Common Running Mistakes and How to Avoid Them
Here in Wisconsin, running is a favorite form of outdoor exercise for adults.
"Anyone can go and run. You just need a pair of shoes and a safe neighborhood, and you can do it anywhere for a very low cost," she says.
And the pinnacle achievement, for a lot of runners, is to complete a marathon. There are more than 30 full marathons scheduled around the state in 2019 alone.
At 26.2 miles, a marathon is no easy feat—even for experienced runners. But it's often the time and dedication it takes, Kempf says, that makes it such an attractive goal.
"It's a lifestyle change," she says. "But that's what makes it so much more enjoyable in the end. When you look back at how much time you dedicated, and you get to the event and you finish, it makes it all that much more enjoyable."
Tips to Avoid Common Running Injuries
Ready to sign up? Consider these pitfalls that frequently befall marathon runners, and some tips to avoid them.
Mistake #1: Not being mentally prepared
A marathon is long, arduous, and typically takes four hours or more to complete on the day of the race. But the starting line is not truly where it all begins – there's months of training that goes into every successfully completed marathon. Before you sign up, Kempf says, it's a good idea to assess your current ability so you have a realistic idea of how far you'll need to go.
"See how much you can run right now," she advises. "Can you run a 5k? And then develop from there."
Mistake #2: Excluding your team
Your training is likely to affect every aspect of your life – what you eat, how much free time you have, and even what you think and talk about. Chances are, it'll affect the relationships in your life as well. So get your friends and family on board – their support can mean all the difference when it comes to achieving your goals.
"Weekends or days off tend to be when people do their long runs," Kempf says. "You'll need everyone in your life to be supportive."
Mistake #3: Neglecting the shoes
Kempf says that while running shoes should last anywhere from 300-500 miles, it's more important that they feel good.
"Choose shoes based on comfort and you're more than half-way there," she says. Have you been running in the same pair for awhile? Kempf suggests checking the bottoms for wear, and to see if they look about the same.
"Almost treat it like your car tire. If two little blocks are worn down to the base, you wouldn't drive on those," she says.
Mistake #4: Underestimating the likelihood of injury
Kempf says that as many as 80% of runners get injured annually, and knee pain is by far the most common physical complaint, followed by shin pain. She says the key to treatment is identifying which of three primary causes is behind it:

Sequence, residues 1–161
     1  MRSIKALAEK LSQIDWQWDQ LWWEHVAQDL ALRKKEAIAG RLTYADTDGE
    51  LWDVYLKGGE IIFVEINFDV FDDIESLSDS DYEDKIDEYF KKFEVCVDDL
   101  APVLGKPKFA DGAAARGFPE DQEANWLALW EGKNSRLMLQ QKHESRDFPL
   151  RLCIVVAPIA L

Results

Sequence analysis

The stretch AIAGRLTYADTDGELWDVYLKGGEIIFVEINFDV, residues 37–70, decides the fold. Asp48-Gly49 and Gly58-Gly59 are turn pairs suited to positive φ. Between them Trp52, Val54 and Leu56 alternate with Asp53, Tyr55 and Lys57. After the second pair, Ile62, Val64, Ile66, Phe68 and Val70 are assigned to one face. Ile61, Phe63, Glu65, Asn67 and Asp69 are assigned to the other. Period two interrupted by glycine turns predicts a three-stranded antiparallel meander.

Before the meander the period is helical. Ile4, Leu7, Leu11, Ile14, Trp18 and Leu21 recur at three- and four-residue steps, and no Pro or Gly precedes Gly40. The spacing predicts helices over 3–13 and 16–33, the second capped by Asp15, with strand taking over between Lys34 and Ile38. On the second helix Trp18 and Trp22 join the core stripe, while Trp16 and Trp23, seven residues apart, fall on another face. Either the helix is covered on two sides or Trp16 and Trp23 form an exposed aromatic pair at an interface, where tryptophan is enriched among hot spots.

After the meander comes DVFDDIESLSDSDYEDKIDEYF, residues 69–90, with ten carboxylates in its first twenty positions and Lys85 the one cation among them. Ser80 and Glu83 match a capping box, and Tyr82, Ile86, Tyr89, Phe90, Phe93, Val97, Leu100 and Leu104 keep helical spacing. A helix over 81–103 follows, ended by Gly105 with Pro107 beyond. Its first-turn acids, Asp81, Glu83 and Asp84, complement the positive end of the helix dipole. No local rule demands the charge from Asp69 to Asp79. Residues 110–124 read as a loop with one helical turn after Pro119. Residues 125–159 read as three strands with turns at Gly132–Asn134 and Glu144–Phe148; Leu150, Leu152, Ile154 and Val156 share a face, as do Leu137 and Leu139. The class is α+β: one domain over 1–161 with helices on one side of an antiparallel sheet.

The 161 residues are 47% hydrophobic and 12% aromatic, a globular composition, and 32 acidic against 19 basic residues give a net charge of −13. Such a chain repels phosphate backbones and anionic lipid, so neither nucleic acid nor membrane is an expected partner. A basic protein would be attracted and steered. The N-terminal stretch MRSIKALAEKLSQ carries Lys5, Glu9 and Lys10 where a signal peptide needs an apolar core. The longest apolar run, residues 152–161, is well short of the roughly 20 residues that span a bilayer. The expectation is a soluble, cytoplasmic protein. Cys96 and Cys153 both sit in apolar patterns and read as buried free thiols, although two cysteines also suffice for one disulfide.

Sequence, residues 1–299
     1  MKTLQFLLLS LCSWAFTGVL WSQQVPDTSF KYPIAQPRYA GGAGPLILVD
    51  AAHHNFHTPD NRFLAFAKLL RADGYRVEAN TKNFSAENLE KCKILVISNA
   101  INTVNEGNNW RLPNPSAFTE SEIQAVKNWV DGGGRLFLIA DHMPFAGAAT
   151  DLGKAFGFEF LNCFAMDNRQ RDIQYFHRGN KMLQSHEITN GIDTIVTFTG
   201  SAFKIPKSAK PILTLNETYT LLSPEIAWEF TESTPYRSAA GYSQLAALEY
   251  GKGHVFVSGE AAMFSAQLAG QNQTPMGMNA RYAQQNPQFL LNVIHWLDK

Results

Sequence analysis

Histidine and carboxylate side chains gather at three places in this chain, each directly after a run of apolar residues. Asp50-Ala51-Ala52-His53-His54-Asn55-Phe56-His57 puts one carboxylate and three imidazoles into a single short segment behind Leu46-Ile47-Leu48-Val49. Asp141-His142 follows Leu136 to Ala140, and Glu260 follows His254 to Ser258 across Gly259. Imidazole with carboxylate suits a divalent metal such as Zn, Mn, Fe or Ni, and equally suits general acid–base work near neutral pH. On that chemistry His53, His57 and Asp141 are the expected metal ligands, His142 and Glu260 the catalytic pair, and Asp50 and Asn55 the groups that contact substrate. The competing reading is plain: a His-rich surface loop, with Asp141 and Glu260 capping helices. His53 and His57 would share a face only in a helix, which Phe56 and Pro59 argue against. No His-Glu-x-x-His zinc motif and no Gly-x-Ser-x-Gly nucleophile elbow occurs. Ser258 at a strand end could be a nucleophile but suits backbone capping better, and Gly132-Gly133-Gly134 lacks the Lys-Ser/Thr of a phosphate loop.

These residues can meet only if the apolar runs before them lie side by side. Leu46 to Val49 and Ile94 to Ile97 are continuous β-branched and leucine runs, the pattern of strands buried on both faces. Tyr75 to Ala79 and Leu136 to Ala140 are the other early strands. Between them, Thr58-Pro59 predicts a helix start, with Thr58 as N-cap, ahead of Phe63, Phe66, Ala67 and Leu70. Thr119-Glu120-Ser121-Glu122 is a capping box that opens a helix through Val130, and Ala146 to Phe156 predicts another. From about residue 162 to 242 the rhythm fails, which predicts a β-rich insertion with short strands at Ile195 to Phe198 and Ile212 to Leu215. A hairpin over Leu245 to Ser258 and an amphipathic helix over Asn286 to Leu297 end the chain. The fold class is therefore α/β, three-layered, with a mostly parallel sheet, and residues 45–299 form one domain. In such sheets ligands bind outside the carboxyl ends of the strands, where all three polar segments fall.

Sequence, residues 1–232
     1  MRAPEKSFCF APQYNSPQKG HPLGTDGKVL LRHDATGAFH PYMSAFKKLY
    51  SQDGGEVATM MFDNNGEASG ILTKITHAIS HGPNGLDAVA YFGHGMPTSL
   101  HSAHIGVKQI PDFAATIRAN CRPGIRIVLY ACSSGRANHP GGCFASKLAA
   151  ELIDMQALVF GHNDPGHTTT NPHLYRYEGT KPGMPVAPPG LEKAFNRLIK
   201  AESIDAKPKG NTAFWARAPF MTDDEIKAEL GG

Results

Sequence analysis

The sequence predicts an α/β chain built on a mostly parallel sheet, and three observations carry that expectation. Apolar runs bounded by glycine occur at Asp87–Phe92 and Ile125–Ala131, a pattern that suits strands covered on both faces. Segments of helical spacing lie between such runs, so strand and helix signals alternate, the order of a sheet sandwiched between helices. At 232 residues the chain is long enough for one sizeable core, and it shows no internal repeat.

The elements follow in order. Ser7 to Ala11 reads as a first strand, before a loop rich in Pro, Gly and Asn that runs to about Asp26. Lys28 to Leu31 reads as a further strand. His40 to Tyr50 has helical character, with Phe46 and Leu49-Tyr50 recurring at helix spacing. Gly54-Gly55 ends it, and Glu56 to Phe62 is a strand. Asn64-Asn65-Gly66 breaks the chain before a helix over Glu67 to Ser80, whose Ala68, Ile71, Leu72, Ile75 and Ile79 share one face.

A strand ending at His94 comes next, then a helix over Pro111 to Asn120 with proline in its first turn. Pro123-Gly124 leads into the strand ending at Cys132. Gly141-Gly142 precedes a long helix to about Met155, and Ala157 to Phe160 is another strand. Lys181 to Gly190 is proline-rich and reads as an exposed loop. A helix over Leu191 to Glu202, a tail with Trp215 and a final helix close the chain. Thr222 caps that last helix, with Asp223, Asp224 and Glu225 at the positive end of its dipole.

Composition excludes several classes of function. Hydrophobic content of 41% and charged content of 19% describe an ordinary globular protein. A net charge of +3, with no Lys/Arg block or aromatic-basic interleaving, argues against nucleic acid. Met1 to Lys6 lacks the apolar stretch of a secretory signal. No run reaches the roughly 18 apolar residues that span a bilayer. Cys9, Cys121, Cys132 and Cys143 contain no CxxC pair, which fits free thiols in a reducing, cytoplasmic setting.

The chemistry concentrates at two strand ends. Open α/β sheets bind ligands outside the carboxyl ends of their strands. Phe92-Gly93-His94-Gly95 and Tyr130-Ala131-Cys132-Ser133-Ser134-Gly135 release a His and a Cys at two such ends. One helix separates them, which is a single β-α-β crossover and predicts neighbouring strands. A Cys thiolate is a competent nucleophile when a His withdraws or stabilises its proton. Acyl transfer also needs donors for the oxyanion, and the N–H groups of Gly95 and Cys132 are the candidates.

- Muscular/skeletal fault – An injury caused by a muscle that's too tight or too weak.
- Running error – Stress to your body, caused by the way you run.
- Training error – An injury that can happen if you're training to hard, or just overdoing it.
But while it may be discouraging and take several weeks to heal, an injury does not necessarily mean that marathon training needs to end.
"I try not to have anyone stop running unless they absolutely need to. I think it helps keep them motivated, and it helps us to determine whether they're getting better or not," she says.
She also recommends incorporating cycling or yoga into your marathon training, to reduce your odds of getting hurt.
"After you've run, after everything has tightened up, use some stretching or yoga to help loosen all that tissue back up," she says.
Mistake #5: Changing your routine
Whatever your training regimen, it's been working for you—so don't change it on race day. "Stay consistent with what you've used in the past," Kempf says. "What you plan on doing on race day, practice it a couple of weeks ahead of time to make sure your timing, calories, and nutrition work. That way you can stay calm and be ready to go."
Mistake #6: Ending at the finish line
Kempf warns that once the thrill of crossing the finish line has passed, emptiness can creep in after a few hours or even weeks. She says the solution could be as simple as signing up for another, smaller race.
"There's often a feeling of 'what am I working towards?'" she says. "It's always nice to have something on the back burner—a smaller distance race like a 5k or a 10k."
But throughout the entire marathon journey—from training through race day and beyond--Kempf says it's important to have encouraging words for yourself.
"You're going to go through some good times and some bad times," she says. "And in those tough times, have a mantra to help keep you positive and moving forward. It can make the whole experience more positive and help you achieve your goal."
UW Health Services
Date Published: 05/17/2019